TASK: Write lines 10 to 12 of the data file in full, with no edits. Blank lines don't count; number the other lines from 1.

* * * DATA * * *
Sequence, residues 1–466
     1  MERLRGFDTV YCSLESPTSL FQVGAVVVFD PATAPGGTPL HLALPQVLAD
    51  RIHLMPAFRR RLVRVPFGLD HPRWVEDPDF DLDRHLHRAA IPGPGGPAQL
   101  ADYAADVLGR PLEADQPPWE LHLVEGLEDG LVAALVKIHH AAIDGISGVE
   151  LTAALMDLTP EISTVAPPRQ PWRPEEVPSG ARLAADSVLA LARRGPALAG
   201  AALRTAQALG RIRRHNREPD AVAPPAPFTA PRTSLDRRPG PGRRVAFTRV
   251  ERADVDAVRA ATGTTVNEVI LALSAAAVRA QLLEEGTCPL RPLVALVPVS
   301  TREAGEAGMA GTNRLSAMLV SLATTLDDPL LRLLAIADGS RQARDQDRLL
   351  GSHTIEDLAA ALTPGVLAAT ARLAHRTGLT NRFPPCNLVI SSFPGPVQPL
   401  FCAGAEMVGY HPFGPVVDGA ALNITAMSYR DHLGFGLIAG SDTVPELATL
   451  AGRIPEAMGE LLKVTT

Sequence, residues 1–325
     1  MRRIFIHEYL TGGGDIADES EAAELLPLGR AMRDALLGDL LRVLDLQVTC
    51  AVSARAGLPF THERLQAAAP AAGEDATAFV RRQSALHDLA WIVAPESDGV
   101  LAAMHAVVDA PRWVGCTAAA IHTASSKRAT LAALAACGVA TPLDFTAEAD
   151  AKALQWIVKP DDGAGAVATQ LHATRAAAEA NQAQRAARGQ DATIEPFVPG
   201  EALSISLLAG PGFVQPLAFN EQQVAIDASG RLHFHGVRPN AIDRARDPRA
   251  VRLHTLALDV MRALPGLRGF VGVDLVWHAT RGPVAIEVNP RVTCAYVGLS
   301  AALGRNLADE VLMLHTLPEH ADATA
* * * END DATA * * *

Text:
   401  FCAGAEMVGY HPFGPVVDGA ALNITAMSYR DHLGFGLIAG SDTVPELATL
   451  AGRIPEAMGE LLKVTT

Sequence, residues 1–325